Anatomy of a Film (2012) <imdb>
Directed by David Spodak
Stanley Kubrick is arguably the greatest film director of all time. But what made him so good? Anatomy of a Film attacks the question, taking his early triumph, the controversial World War I drama Paths of Glory, and dissecting it scene by scene—quite literally. The entire film is shown from beginning to end as the filmmakers present a master class on Kubrick's technique with additional commentary from Kirk Douglas, producer Jim Harris and actor Richard Anderson. This unforgettable evening, presented by the filmmakers, is cheaper than film school by at least a hundred thousand dollars.
Saturday, March 30 at 6 p.m. in the Main Library Auditorium
My So-Called Enemy (2010) <imdb>
Directed by Lisa Gossels
Spanning a seven-year period, “My So Called Enemy” follows six Palestinian and Israeli teenage girls committed to justice and mutual understanding as the conflict continues to rage in their homeland, after participating in a women's leadership program in the U.S. called Building Bridges for Peace. This heart and mind-opening film documents how the young women's transformative experience, of knowing their "enemies" as human beings, meets with the realities of their lives back home in the Middle East. Through the coming-of-age narratives of Adi, Gal, Hanin, Inas, Rawan and Rezan, we see how creating relationships across personal, political and physical borders is a first step towards resolving conflict. Lisa Gossels' award-winning documentary presents the complexities of the Israeli/Palestinian conflict though a human lens - and the possibility and hope that come from listening to each other's stories. Meet the filmmaker and engage in a thought-provoking Q&A after the show.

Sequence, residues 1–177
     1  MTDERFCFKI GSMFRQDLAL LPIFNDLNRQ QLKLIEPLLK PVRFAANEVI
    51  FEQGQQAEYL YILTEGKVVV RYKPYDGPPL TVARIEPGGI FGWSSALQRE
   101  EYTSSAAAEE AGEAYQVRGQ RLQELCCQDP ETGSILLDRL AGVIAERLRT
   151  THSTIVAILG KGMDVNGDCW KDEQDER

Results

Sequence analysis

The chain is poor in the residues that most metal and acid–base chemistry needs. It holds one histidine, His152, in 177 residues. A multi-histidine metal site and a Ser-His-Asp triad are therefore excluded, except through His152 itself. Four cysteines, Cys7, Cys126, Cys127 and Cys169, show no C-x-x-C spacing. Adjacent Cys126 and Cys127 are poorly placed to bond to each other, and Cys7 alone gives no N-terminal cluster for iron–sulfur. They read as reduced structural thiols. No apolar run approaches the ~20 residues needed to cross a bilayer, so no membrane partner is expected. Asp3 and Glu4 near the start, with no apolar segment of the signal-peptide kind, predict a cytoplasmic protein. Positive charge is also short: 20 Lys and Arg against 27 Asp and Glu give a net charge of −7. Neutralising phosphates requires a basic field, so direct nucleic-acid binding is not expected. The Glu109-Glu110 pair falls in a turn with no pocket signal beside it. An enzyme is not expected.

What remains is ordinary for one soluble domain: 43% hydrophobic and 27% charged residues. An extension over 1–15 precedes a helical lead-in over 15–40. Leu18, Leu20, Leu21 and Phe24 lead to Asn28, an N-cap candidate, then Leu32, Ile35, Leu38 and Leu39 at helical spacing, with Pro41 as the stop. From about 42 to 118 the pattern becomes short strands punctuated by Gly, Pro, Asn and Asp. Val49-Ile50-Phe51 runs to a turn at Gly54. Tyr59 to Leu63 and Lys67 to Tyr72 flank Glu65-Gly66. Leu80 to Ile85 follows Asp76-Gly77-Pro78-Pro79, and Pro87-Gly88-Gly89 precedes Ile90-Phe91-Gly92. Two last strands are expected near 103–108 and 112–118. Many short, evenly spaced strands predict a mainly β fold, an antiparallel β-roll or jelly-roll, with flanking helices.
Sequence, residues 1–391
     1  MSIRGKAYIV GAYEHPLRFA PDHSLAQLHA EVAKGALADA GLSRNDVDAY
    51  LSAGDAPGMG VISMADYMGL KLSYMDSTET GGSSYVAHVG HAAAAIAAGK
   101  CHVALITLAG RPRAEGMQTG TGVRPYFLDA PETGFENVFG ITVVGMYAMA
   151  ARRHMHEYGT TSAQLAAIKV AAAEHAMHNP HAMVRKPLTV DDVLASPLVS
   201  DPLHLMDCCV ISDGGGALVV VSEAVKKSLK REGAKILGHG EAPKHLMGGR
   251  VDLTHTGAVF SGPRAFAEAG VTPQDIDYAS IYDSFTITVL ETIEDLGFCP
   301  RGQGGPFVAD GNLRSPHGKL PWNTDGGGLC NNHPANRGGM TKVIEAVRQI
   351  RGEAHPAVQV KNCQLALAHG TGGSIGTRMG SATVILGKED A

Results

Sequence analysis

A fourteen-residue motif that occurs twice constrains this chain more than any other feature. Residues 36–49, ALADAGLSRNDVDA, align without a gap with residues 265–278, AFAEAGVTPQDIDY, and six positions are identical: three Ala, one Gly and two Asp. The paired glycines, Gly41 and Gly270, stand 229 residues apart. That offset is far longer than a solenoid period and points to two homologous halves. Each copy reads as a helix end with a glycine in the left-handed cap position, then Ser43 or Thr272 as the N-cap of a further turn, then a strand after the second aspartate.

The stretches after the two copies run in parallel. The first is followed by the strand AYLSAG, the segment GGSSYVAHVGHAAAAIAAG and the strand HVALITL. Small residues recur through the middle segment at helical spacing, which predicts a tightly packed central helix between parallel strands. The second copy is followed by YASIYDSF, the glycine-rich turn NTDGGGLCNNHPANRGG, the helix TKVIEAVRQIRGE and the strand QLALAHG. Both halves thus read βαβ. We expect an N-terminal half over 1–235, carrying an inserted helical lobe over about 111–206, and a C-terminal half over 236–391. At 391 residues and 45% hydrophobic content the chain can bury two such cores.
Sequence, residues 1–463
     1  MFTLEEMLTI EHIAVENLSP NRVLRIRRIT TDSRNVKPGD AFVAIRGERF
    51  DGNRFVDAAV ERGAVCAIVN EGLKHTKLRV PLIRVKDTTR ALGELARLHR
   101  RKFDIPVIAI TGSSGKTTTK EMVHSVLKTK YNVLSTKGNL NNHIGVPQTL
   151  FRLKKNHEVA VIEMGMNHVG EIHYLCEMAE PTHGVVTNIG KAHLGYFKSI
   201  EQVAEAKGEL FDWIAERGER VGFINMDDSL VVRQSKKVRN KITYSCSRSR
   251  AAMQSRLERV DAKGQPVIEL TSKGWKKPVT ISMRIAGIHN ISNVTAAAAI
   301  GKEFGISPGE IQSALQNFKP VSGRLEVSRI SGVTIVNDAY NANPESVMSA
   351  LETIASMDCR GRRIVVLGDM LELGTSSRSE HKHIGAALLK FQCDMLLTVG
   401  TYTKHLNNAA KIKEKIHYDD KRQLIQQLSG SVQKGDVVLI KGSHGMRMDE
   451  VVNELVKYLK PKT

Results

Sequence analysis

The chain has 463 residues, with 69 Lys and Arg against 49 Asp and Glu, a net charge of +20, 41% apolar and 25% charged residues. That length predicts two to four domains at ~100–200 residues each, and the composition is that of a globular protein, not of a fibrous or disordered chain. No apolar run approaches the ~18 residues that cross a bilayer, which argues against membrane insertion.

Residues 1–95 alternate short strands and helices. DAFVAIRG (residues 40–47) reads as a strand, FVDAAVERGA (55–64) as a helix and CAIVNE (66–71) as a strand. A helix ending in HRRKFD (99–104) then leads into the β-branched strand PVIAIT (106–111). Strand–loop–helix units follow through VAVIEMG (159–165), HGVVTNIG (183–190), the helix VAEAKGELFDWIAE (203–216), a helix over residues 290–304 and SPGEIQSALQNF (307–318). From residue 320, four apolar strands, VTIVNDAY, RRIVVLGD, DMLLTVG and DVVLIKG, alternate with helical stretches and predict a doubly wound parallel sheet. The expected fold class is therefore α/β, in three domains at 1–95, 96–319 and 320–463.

Sunday, April 28 at 6 p.m. in the Main Library Auditorium
My Perestroika (2010) <imdb>
Directed by Robin Hessman
They were the last generation to grow up behind the Iron Curtain. Five young adults struggle to find their place in a new Russia that is vastly different from the one that was promised to them as children. This intimate portrait finds great laughs and great sorrow in the contradiction of being young and free when you can't quite escape the old regime.
Saturday, July 13 at 6 p.m. in the Main Library Auditorium
The City Dark (2011) <imdb>
Directed by Ian Cheney
Every traveling city dweller knows that feeling—when you first hit country and the sky fills with a countless number of visible stars. After moving to New York City from rural Maine, the filmmaker asked a simple question. “Do we need the stars?” From Brooklyn to Mauna Kea, to Paris, killer asteroids, hatching turtles and injured birds in the city streets, serve to unravel the implications of a globe glittering with lights.
Saturday, August 31 at 6 p.m. in the Main Library Auditorium